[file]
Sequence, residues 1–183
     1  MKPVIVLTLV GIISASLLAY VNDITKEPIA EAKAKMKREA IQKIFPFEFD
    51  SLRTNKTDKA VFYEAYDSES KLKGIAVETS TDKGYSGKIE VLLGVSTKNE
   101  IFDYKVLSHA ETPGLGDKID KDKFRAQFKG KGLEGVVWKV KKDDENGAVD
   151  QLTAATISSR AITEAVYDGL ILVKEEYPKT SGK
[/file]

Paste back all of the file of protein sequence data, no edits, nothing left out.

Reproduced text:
Sequence, residues 1–183
     1  MKPVIVLTLV GIISASLLAY VNDITKEPIA EAKAKMKREA IQKIFPFEFD
    51  SLRTNKTDKA VFYEAYDSES KLKGIAVETS TDKGYSGKIE VLLGVSTKNE
   101  IFDYKVLSHA ETPGLGDKID KDKFRAQFKG KGLEGVVWKV KKDDENGAVD
   151  QLTAATISSR AITEAVYDGL ILVKEEYPKT SGK